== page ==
We are proud to present an exhibition of new works by Daniel Zeller. The exhibition title expresses the subtext for his new body of work and is itself a study in contradictions: ‘immiscible’ refers to the impossibility of two substances mixing, the opposite of ‘cohesion.’ In these new works, Zeller juxtaposes and brings together things that typically appear to be at odds.
This exhibition will consist of a group of black and white ink drawings on paper in Gallery 1 and one large-scale sculpture consuming much of the space in Gallery 2. The new drawings – a kind of imagined topo-cellular cartography on acid – seem as though they could all be part of the same world, each referencing different potential sections of that world. In certain ways they pull from each other – as Zeller continues to develop a language of marks and shapes – to create new terrains, new organisms. These drawings exhibit Zeller’s characteristic push/pull between macro and micro worlds, referencing topographical, biological, astronomical, and other imagery that he has absorbed and reimagined to create entirely new forms.
In one drawing, “SitA,” a highly undulating line traverses the paper horizontally, dividing it more or less across the center. Below the line is an area densely populated with fine marks creating a viscous terrain; above the line it is contrasted by untouched blank paper. In another, “Delta Mine,” what appears to be a solid inky, river-like form traversing an area of delicate topographical marks, is revealed to be comprised of finely drawn lines just barely visible upon closer inspection, revealing an unfamiliar and inexplicable landscape.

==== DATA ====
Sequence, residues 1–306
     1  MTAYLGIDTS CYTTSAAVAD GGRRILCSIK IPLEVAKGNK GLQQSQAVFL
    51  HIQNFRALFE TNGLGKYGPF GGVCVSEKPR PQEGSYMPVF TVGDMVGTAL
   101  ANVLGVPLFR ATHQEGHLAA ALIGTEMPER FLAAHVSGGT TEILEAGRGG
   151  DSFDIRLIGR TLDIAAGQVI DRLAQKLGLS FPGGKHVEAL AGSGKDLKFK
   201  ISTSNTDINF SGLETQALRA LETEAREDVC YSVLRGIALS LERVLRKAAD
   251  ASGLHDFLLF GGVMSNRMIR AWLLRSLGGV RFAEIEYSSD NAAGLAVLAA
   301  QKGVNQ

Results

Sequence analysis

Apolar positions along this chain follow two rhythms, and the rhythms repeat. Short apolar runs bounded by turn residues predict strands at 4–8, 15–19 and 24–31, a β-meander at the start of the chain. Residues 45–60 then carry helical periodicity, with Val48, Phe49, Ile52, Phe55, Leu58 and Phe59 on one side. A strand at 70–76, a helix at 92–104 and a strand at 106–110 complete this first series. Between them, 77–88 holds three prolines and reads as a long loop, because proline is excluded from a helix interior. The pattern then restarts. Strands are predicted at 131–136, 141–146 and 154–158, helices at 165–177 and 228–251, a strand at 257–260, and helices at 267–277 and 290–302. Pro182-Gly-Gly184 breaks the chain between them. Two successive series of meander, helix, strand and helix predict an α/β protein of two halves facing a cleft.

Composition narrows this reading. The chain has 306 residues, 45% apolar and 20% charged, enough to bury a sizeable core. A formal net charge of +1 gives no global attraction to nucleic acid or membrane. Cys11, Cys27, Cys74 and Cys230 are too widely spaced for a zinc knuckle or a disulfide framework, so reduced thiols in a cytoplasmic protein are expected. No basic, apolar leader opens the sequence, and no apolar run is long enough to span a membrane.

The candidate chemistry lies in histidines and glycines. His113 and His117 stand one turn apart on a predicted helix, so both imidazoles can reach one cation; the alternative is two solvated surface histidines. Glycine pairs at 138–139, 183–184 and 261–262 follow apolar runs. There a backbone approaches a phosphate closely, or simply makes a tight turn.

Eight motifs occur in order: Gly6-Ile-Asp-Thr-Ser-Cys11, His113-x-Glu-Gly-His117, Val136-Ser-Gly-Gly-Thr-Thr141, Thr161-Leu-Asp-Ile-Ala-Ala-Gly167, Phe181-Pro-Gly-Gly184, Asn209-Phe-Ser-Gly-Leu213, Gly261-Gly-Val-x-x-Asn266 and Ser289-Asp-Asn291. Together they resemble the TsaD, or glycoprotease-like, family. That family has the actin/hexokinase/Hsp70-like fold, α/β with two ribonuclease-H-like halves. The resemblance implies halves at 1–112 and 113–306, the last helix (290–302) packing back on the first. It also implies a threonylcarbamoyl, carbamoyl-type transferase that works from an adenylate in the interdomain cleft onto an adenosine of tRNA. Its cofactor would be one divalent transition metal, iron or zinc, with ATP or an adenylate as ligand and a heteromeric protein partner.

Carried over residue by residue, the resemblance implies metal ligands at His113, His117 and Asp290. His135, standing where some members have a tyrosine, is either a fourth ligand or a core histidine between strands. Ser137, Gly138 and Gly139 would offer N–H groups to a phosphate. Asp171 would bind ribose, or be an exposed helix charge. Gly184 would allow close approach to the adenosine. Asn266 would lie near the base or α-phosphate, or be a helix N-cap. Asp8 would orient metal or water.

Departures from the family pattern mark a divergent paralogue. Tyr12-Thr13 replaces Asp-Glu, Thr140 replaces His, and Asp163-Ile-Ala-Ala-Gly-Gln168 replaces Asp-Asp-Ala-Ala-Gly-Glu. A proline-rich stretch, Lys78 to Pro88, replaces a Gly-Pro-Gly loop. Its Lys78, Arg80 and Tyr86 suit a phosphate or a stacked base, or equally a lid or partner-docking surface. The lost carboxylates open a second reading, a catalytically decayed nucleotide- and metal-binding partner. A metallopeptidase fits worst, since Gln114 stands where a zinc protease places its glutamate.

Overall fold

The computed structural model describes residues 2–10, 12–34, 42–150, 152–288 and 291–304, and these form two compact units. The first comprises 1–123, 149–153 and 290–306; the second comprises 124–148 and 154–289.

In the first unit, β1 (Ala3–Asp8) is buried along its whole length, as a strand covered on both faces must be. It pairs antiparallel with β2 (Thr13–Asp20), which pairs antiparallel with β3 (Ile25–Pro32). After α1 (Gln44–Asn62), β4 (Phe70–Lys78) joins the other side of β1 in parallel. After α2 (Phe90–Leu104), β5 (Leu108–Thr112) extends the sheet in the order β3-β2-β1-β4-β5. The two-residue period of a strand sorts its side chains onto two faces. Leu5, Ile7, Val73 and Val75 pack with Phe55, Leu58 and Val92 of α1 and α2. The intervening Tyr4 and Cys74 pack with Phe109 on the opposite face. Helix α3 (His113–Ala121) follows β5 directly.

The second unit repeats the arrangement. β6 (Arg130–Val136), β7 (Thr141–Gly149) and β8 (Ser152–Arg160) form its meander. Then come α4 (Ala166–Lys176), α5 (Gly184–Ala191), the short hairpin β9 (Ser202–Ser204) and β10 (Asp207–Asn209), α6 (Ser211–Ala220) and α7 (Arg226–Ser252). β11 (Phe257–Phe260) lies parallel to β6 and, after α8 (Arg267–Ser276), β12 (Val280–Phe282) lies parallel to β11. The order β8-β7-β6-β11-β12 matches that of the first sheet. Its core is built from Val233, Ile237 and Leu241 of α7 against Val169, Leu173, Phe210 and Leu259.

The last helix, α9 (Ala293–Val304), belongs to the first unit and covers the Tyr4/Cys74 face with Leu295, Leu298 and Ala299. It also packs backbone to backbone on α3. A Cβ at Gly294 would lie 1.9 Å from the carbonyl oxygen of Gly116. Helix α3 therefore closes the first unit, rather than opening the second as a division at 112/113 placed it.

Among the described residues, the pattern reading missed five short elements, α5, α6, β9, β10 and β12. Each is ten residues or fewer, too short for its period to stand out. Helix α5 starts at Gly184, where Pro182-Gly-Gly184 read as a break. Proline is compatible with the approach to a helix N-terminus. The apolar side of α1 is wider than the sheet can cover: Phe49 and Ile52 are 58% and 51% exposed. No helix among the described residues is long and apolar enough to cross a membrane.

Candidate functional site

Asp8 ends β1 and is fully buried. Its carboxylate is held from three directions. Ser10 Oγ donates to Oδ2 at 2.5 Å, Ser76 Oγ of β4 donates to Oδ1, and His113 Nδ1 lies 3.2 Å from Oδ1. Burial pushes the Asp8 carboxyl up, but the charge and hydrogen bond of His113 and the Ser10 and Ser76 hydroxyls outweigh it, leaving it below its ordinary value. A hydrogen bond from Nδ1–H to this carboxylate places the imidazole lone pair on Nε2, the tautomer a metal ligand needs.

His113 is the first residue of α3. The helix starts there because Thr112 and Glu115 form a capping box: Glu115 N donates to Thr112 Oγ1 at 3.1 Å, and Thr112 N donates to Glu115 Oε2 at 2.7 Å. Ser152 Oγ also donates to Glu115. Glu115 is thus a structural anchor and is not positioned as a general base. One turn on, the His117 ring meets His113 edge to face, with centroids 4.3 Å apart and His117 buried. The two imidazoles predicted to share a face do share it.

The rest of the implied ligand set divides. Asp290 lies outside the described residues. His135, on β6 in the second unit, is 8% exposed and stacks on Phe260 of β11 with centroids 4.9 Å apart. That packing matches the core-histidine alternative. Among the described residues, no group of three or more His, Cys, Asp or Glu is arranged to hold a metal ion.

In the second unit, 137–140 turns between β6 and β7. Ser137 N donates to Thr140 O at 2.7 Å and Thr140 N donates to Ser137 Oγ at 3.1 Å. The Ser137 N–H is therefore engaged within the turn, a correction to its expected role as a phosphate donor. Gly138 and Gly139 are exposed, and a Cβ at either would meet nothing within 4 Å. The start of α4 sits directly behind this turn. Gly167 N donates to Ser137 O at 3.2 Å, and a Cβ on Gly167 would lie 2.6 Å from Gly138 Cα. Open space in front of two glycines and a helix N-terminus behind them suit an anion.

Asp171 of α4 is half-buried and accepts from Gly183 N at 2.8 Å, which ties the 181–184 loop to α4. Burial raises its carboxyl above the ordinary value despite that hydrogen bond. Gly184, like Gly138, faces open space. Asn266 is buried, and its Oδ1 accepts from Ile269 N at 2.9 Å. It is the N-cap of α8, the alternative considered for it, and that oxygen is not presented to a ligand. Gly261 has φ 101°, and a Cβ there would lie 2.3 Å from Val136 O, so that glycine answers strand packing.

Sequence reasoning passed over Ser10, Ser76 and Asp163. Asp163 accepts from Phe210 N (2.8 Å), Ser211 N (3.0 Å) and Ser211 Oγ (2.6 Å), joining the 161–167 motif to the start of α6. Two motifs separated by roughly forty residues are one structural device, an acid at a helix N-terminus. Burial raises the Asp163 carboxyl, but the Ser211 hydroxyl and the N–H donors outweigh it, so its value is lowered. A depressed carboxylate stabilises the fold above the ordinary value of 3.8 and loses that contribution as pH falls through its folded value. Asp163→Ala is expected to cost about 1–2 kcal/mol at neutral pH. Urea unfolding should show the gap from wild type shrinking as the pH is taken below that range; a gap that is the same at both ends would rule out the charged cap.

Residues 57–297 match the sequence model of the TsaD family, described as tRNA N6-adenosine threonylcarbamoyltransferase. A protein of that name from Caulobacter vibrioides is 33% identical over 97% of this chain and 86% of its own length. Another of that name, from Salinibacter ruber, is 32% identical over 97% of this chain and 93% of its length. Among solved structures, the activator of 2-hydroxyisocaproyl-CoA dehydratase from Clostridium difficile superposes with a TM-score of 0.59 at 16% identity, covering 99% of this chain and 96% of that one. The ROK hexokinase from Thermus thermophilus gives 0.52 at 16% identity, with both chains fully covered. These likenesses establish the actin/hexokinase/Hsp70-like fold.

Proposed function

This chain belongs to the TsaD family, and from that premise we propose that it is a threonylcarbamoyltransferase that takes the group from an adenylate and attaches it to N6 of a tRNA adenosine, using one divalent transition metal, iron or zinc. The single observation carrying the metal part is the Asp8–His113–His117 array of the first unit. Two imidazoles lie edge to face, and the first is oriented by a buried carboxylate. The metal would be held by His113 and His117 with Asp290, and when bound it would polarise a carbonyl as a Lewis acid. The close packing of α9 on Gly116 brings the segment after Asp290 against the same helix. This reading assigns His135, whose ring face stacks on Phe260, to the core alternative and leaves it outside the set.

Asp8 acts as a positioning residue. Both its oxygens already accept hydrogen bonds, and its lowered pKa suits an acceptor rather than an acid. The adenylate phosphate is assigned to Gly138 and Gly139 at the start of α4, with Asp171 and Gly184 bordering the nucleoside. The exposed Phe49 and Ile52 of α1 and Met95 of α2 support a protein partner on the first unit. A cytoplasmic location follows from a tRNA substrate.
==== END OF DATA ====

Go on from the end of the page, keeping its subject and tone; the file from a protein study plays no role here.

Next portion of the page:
Zeller originally studied sculpture, later switching primarily to the medium of drawing, and his drawings have always incorporated his interest in three-dimensionality. This exhibition brings his two- and three-dimensional work together for the first time and allows the viewer to experience the full development of his work. The sculpture, “Inference,” occupies most of the gallery and reveals its complex, armature- and architectural-like structure on the outside, suspending its skin-like fabric on the inside. It can be viewed as a vessel, tent, shelter, bomb, missile, or any other number of objects. Each integral section functions within its self-contained purpose, but the object in full has no function; it is a rotating contradiction.
The drawings pull you into their detail; before them you become the outsized observer in the room, peering into a microscopic world, or hovering drone-like above a macro terrain. Upon entering the room housing the sculpture, you become the small element overwhelmed by the larger-than-life object filling the room. An element like a microorganism found in the ocean – such as a diatom, which exhibits radial symmetry and appears almost architectural – exists within the drawings but the scale here is flipped: in the drawings, it’s tiny, in the sculpture it’s giant.
This will be Zeller’s seventh one-person exhibition at Pierogi. His work has been included in numerous exhibitions and is part of the permanent collections of the Museum of Modern Art (NY, NY), Whitney Museum of American Art (NY, NY), Museum of Contemporary Art (LA, CA), Albright-Knox Art Gallery (Buffalo, NY), among others. Zeller lives and works in Brooklyn, NY.